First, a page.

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Global Media Watchdog Condemns Taliban Ban on VOA, RFE/RL Broadcasts


FILE - The Wilbur J. Cohen building in Washington, where Voice of America is based.

The Committee to Protect Journalists has condemned the Afghan Taliban’s decision to ban FM transmissions of two U.S.-funded news media and urged an immediate resumption of their broadcasts.

The Islamist Taliban government’s ban went into effect December 1. A day earlier, the Taliban’s Ministry of Information and Culture said it had received complaints about programming content but shared no specifics.

In a statement, the press freedom watchdog called on the Taliban to “cease their intensifying crackdown” on media in Afghanistan.

“This latest crackdown on media clearly shows the Taliban is going back on their word about guaranteeing press freedom in Afghanistan,” said Beh Lih Yi, CPJ Asia program director.

Despite ban, broadcasters still reach listeners

The ban on FM and medium-wave transmissions in the country came months after the Taliban stopped TV broadcasts by Voice of America, also known as VOA. The broadcasters still have shortwave and medium-wave transmissions from outside the country reaching Afghan listeners, as well as digital and satellite operations, but the in-country FM transmissions were considered critical for reaching large, local audiences.

Abdul Qahar Balkhi, a spokesperson for the Taliban foreign ministry, explained in written comments to VOA why the group is banning the broadcasters.

"VOA and Azadi Radio failed to adhere to these laws, were found as repeat offenders, failed to show professionalism and were therefore shut down," Balkhi wrote.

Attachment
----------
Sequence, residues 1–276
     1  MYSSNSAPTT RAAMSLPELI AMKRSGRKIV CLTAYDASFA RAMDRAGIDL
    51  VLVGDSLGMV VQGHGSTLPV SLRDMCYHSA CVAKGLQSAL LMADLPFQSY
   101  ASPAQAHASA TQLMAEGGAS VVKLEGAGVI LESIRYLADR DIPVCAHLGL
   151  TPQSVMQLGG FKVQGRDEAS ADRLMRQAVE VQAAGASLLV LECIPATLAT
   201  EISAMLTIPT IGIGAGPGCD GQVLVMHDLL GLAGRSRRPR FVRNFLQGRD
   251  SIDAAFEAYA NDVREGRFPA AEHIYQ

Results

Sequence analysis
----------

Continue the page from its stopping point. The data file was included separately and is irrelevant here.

VOA and RFE/RL routinely cover issues such as human rights, girls’ education, press freedom, economic troubles, and the deep humanitarian crisis in Afghanistan. They present a variety of views, including those critical of the Taliban.

In a written statement, VOA’s Afghan Service Chief Hasib Alikozai rejected the allegations about the programming and said the agency had not received any complaints about the content.

“These are made-up reasons for taking our stations off the air. The truth is that we were effective in our reporting of issues, which local media outlets could not cover because of their fears of retribution by the Taliban," Alikozai said.

The Biden administration has also condemned the Taliban’s decision. In an interview with VOA, John Kirby, the National Security Council coordinator for strategic communication, said the Taliban’s suppression of free media will hinder its goal of seeking legitimacy.

“We're going to continue to stand up ... for freedom of the press and for the right of citizens around the world to be able to access press and news information,” Kirby said.

It has been almost 16 months since the Taliban took control of Afghanistan, and no country has recognized their government.

U.S. Special Representative for Afghanistan Thomas West, who is traveling in Asia to discuss humanitarian support for the country, said Afghans need access to independent media.

VOA has said it will continue programming for Afghan audiences.

“Removing VOA from the domestic airwaves will not silence us. It will only increase the importance of serving the captive audience inside Afghanistan,” wrote Acting Director Yolanda Lopez.

Leadership of Radio Free Europe/Radio Liberty — also known as RFE/RL — also rejected the Taliban’s criticism and said the broadcaster will not change its editorial line to stay on air.

“We know from experience that our audiences make great efforts to find us. The truth cannot be completely suppressed,” said RFE/RL President and CEO Jamie Fly.

In March, the Taliban stopped VOA’s Ashna TV news shows, which had been broadcast on Afghan National Television, Tolo, Tolo News and Lamar for a decade, VOA Pashto reported.

Many VOA programs are anchored by women. The Taliban have banned women from appearing on television without covering their faces.

Since the Taliban reclaimed power in August 2021, dozens of private television channels, radio stations and print media have ceased operation because of economic hardships and Taliban restrictions.

According to the press advocacy group Reporters Without Borders (RSF), 219 video, audio and print shops have closed in Afghanistan since the reestablishment of Taliban rule. Before then, 547 media outlets operated in the country, RSF said.

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